The main problem facing physiotherapists is that there is not a ‘normal’ set of symptoms or problems affecting children with myasthenia.  Every child is different, not only from other children with the condition but potentially from themselves on a day to day basis.  It is not unknown for siblings with the same genetic cause of myasthenia to have very different symptoms, even if their physical attributes are very similar.  The day to day variation of symptoms also makes it difficult to set goals and treatment plans as the needs of the child, or their ability to comply, may be constantly changing, with no recognisable pattern.  It is for this reason that regular, frequent physiotherapy involvement should be available.  This will help to ensure that any potentially serious problems are readily identified and dealt with.

Things to look out for

With myasthenia, we can be fairly confident in saying that fatigue is the primary symptom.  Physiotherapy is mostly concerned with the secondary effects of that fatigue, rather than treating the fatigue itself and these symptoms can be very varied. (In most cases we would expect some form of medical treatment to target the fatigue.)  In terms of what a physiotherapist might be concerned with, here is a list of some things to look out for, particularly if regular physiotherapy is not available for your child:

  • A change in walking pattern or posture e.g. more walking on toes, or not being able to stand with straight knees
  • Difficulty with going up/down stairs, or getting on/off of chairs
  • Complaining of pain in joints or muscles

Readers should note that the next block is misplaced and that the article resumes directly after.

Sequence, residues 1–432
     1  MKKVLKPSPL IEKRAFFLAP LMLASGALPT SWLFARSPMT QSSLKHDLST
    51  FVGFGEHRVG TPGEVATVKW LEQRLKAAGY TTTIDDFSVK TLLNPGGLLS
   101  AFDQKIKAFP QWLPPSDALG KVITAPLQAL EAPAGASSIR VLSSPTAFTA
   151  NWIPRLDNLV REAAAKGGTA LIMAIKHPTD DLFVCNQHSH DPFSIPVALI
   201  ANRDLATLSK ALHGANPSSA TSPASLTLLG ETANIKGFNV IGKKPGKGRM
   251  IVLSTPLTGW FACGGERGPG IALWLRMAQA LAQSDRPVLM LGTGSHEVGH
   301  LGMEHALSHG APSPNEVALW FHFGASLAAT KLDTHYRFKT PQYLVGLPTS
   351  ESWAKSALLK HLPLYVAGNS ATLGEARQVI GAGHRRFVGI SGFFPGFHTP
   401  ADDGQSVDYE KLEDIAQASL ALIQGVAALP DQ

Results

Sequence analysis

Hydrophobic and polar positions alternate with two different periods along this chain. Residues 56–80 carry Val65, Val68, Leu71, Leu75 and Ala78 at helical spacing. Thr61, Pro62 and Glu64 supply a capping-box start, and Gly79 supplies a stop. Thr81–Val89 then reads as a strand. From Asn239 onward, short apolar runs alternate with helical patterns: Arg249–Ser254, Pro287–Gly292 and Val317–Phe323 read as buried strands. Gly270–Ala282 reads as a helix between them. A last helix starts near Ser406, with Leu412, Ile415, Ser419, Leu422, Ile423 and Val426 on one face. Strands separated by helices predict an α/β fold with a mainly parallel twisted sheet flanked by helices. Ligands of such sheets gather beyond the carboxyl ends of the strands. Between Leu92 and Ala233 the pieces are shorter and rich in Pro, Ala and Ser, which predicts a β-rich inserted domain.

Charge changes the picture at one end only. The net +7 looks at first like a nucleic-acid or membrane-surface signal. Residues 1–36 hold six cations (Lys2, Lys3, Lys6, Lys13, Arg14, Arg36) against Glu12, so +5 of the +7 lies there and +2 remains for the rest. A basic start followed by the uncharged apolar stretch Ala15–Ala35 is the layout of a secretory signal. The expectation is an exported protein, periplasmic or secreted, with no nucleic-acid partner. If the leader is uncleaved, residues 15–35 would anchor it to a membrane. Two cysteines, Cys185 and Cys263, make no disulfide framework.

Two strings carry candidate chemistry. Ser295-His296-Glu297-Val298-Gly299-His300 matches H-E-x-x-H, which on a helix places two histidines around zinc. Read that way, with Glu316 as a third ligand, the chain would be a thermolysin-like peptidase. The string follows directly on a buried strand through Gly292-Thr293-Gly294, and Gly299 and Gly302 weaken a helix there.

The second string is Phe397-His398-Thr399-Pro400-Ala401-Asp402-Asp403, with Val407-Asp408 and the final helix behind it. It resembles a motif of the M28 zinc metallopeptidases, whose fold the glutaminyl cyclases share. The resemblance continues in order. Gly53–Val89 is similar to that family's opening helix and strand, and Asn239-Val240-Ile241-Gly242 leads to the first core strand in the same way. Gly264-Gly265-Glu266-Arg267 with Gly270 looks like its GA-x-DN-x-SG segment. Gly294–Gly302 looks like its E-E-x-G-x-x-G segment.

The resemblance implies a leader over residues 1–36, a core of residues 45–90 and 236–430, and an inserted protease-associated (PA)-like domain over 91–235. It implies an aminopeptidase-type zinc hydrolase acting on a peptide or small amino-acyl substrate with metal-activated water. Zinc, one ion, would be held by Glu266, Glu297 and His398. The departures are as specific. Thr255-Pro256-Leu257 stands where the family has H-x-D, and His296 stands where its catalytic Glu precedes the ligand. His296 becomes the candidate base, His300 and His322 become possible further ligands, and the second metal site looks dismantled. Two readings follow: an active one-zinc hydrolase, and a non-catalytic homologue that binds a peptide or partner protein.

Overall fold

• Taking longer to get dressed
  • Finding it difficult to hold objects such as cups, pens or cutlery
  • Becoming more slumped when seated, perhaps backwards or sideways

This is a very limited, general list and in no way does it reflect any particular child, or type of myasthenia.  Remember, only a thorough assessment by a physiotherapist will ensure that each child’s needs are identified.

Where to get help

If your child does not have regular (frequent) input from a physiotherapist it is important to try and get this established.  Often the first point of referral would be through your paediatrician, or neurologist, but GPs can also initiate referrals.  Other therapists or health professionals that your child may see can also assist with referrals.  This could be a speech and language therapist, occupational therapist or a school nurse.  Often, the SENCO (special educational needs co-ordinator) in your child’s school should also be able to assist as they may have contacts with relevant therapy services in your area.

For younger children who are not yet at school,” Surestart”, or other family centres, as well as health visitors often provide a good point of contact with therapy services.

 

Summary

  • Physiotherapy can help maximise functional ability and reduce risk of developing serious illnesses
  • Physiotherapy input should always be specific to the child, not the condition
  • Regular/frequent reviews will help to identify changes, or new problems early on
  • It is important to seek a physiotherapy referral if your child is not already under the care of a local physiotherapy service
  • Myasthenic symptoms can vary widely on a day to day basis, so there is no ‘normal’
  • Physiotherapy will not cure myasthenia